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The Secret Garden (Book and Charm) by…
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The Secret Garden (Book and Charm) (original 1911; edition 1998)

by Frances Hodgson Burnett, Tasha Tudor (Illustrator)

MembersReviewsPopularityAverage ratingMentions
21,12337567 (4.15)742
Member:vancouverdeb
Title:The Secret Garden (Book and Charm)
Authors:Frances Hodgson Burnett
Other authors:Tasha Tudor (Illustrator)
Info:HarperFestival (1998), Paperback, 368 pages
Collections:Your library
Rating:*****
Tags:children's fiction, chidren's classic, children's literature

Work details

The Secret Garden by Frances Hodgson Burnett (1911)

1910s (20)
Garden (1)
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» See also 742 mentions

English (367)  Italian (3)  German (3)  Spanish (2)  All (375)
Showing 1-5 of 367 (next | show all)
This was a re-read for me, and a very satisfying one. Mary Lennox has been orphaned and uprooted from India where it was hot and dry to Yorkshire, England on the moors where it is rainy, wet, and very strange. She is taken in my her Uncle, Lord Craven, who has a gigantic old mansion on the edge of the moors with gardens all around and 12 land servants on the surrounding farms. Lord Craven leaves the day after the child arrives, and Mary is left to her own devices, with only the support of a young parlor maid who gives her hints of how to fill her hours every day. So begins a lovely book about a spoiled, lonely girl who must learn to be a friend and entertain herself. I'm sorry there is no sequel to this book because I would like to know how Colin and Mary fair with a governess and/or teacher and as they are sent away to school (or not). ( )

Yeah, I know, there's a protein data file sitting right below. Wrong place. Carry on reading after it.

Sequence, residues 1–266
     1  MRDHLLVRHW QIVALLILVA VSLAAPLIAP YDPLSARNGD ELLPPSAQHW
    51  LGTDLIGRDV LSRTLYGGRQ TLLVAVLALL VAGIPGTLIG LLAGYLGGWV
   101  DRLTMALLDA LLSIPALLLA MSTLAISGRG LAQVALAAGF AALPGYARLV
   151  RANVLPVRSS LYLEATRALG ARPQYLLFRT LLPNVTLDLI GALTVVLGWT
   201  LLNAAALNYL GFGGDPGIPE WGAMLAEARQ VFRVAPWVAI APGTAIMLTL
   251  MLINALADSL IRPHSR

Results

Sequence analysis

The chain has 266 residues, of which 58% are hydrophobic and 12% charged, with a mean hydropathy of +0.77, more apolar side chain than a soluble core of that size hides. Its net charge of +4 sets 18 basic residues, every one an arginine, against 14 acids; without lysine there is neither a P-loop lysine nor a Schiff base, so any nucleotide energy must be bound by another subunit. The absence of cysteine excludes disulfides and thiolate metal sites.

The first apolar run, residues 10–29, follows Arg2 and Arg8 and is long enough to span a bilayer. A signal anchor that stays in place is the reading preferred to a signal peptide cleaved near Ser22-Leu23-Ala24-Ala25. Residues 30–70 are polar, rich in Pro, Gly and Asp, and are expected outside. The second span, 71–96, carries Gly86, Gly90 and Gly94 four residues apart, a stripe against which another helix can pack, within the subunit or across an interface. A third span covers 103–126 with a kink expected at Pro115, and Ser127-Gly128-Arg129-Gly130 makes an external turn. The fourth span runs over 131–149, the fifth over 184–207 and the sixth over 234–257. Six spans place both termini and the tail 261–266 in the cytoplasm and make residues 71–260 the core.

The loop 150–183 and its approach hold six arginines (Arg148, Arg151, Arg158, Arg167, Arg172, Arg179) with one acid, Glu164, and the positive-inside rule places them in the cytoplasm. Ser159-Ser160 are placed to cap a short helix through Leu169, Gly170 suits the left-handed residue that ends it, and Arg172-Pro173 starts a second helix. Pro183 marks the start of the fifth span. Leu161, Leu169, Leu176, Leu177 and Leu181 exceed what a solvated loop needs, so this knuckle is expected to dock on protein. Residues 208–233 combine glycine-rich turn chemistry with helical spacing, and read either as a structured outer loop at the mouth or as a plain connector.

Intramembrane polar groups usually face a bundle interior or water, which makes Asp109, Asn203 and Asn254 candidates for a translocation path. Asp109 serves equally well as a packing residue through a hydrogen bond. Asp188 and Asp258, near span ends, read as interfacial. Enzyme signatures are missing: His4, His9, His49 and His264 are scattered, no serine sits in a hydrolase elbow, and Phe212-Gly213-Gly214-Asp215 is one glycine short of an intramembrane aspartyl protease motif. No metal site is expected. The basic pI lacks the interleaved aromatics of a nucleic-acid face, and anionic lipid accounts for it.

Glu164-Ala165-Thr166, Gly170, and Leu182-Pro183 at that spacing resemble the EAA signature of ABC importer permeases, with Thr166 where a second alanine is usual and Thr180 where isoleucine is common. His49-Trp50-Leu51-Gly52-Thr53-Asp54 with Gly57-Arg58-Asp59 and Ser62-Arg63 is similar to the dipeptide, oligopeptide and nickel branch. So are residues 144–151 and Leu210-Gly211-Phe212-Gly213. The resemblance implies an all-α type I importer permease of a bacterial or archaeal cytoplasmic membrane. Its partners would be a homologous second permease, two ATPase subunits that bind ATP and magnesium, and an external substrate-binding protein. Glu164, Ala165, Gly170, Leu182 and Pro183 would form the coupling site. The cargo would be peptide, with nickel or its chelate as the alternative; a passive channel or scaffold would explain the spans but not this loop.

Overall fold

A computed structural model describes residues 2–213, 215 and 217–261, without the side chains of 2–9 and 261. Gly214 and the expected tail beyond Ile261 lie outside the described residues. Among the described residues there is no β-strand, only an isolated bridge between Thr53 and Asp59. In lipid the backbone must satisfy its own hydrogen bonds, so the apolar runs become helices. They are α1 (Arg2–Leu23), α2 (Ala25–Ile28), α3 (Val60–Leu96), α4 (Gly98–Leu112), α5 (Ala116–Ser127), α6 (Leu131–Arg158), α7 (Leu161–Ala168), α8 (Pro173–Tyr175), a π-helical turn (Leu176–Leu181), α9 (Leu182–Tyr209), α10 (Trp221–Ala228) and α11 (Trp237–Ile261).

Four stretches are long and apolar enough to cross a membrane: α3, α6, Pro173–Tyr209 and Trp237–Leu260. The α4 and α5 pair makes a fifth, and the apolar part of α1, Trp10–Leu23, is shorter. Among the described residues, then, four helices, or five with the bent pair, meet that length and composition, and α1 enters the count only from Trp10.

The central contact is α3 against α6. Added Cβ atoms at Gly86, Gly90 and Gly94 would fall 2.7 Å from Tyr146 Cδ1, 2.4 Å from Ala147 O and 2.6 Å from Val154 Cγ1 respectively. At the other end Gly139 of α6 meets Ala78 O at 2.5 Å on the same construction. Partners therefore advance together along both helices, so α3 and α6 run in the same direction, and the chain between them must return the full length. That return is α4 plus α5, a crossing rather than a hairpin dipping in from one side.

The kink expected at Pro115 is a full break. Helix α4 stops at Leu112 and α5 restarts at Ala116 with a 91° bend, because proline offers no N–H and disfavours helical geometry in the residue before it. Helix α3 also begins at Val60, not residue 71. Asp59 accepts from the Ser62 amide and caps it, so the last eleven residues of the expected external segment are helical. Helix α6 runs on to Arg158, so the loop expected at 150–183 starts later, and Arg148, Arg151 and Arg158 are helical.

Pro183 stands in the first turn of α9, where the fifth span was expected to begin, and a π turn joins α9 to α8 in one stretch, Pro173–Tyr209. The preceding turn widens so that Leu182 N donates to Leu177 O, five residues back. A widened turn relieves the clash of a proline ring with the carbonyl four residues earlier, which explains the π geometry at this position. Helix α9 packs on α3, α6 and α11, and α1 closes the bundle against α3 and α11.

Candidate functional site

whymaggiemay | Jul 21, 2017 |
The illustrations in this 100th anniversary edition are lovely.

I don't know why I didn't read this as a child. It's a feel-good book, and I liked it, even if they was a slight hint of moralizing in the end. ( )
  mrsrobin | Jun 24, 2017 |
Finally read this book! I loved the movie as a child, and the whole time reading this I just wanted to watch it again.
I really love this story. ( )
  Shahnareads | Jun 21, 2017 |
This charming children’s classic, written by Frances Hodgson Burnett, is worth reading as an adult, even if you read it first as a child. The story vividly and accurately portrays the emotional journey that many third-culture-kids experience, as they confront the reverse-culture-shock of repatriation.